Another element of estate planning is a power of attorney. This is a document that designates another person to act in your place in all decisions for you, whether the decisions are about banking, contracts, buying and selling property, or investing. This can be a very tenuous document because whoever you designate must have your utmost trust. This person will be able to buy vehicles, buy real estate, and borrow money that you will be legally liable for. But the advantage of a power of attorney is that this person will be able to make all decisions for you if you are not able to do so yourself because of incapacity. If you do not have a power of attorney, your assets could become tied up because no other person than you can access your bank accounts. In this scenario, if you were incapacitated, your family could not use money that you have to pay for your medical expenses, creating a very tenuous situation.

A fourth element of estate planning is a medical power of attorney, which grants another person the right to make medical decisions for you in the event you are incapacitated. For example, if you are in a car wreck and in a coma, the person designated in the medical power of attorney can decide how long you will remain on life support. An alternative to the medical power of attorney in estate planning is a living will. In a living will, you specify exactly what your wishes are in certain medical circumstances, such as if and when you want to remain on life support. The living will does not designate another person to make these decisions but explains your particular wishes in certain medical circumstances, so the living will can then be followed by your healthcare providers if such situations ever arise.

Another important part of estate planning is determining what funeral arrangements that you want. Writing down your wishes regarding your funeral can be an important area of estate planning because it relieves your family from having to make these decisions in the stressful aftermath of your passing. Without leaving a written guide for your loved ones to follow, the funeral arrangement process can potentially be very arduous for them during a time when they are dealing with your death. To ensure your family has a clear understanding of your wishes regarding your funeral, include this in your estate planning. Another option is to prepay for your funeral and make the decisions about your funeral while you are still alive. You can go to a funeral home and preplan and prepay for every part of your funeral, from the casket to the gravesite. If you can afford to do this part of estate planning while you are still living, prepaying your funeral is a great way to alleviate some of the stress on your family after you die.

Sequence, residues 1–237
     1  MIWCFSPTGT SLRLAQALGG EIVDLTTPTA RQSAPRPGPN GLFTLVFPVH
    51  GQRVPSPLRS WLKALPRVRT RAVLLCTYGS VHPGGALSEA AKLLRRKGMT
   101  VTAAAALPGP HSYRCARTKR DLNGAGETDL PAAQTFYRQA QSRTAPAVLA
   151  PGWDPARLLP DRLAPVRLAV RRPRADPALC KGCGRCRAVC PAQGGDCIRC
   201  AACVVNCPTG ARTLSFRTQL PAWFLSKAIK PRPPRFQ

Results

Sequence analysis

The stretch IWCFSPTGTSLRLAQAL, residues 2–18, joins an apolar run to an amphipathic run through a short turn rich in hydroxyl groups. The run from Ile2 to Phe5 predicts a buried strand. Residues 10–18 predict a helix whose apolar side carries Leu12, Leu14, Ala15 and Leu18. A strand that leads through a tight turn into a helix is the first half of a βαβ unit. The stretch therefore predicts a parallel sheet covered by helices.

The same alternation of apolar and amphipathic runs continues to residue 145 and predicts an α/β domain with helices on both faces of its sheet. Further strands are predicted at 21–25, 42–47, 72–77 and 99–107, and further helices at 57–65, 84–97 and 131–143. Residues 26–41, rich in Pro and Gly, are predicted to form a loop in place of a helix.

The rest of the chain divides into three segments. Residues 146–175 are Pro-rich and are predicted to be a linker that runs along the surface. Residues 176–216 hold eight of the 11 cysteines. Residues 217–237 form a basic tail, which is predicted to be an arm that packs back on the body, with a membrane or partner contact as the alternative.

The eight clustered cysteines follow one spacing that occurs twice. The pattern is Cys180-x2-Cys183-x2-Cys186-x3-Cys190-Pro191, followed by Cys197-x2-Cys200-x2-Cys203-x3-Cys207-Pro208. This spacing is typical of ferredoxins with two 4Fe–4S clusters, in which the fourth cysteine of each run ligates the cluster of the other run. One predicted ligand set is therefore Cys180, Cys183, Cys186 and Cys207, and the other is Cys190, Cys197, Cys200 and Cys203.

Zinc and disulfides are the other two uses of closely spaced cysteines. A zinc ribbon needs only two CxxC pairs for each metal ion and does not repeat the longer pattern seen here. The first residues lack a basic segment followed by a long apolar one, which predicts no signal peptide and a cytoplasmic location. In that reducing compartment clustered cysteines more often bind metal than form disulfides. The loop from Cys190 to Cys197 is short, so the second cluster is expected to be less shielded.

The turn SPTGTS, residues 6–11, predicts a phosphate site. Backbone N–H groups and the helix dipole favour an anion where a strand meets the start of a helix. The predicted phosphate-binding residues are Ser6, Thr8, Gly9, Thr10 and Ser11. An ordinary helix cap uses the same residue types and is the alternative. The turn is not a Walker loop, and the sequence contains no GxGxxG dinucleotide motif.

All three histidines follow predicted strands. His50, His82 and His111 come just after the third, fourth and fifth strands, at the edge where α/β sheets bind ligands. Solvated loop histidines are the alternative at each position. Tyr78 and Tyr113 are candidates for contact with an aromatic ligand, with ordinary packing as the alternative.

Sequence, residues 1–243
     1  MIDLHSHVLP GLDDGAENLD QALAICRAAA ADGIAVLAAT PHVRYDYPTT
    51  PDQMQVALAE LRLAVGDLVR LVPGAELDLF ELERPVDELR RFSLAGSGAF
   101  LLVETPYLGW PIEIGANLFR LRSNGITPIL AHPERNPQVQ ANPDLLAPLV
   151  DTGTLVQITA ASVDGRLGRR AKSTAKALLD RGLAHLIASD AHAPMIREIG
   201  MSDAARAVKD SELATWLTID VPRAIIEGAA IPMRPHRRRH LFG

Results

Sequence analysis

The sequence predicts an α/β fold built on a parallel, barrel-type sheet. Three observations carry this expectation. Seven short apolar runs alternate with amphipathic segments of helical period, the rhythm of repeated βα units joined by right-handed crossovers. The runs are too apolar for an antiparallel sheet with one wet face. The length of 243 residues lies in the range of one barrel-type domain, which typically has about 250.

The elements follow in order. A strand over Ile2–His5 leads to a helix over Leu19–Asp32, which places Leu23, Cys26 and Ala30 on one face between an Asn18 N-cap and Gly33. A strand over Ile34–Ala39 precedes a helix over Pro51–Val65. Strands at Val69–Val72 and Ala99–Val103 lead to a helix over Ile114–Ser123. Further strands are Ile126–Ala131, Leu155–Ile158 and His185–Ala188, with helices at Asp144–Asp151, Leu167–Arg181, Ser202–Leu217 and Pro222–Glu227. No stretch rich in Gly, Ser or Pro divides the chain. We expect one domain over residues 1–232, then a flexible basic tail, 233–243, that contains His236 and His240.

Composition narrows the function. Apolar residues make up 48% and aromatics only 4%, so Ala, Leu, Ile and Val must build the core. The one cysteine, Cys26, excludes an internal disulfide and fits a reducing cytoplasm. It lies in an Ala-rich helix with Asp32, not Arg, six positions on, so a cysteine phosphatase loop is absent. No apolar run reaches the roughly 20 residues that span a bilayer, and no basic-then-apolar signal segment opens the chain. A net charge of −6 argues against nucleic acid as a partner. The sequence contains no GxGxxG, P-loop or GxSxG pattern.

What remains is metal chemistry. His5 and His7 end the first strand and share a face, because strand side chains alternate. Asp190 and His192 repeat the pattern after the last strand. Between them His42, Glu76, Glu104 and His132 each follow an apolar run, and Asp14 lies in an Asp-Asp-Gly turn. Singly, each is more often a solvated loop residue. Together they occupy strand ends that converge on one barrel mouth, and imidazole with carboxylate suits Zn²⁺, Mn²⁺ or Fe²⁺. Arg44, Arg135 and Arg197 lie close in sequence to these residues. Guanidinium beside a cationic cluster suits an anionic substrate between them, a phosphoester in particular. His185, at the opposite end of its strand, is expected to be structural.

These elements combined together constitute the bulk of estate planning. In your estate planning, drawing up a will, power of attorney, and medical power of attorney are the legal parts which will ensure that your wishes are carried out regarding your medical care and disposal of your property after your death. Life insurance is an estate planning element that will pay for your funeral and possibly leave some money over for your heirs. Writing out your funeral arrangements or scheduling the arrangements with a funeral home in advance will relieve pressure on your grieving family after your death.

As you can see, estate planning involves much more than deciding who to give your property and money to after you pass away. Many decisions about your medical care, funeral, and business must be taken into consideration in estate planning. Estate planning includes making decisions about all areas that will be affected by your death or incapacity. Estate planning guarantees that your wishes will be carried out after your death and that what you want to happen will indeed occur.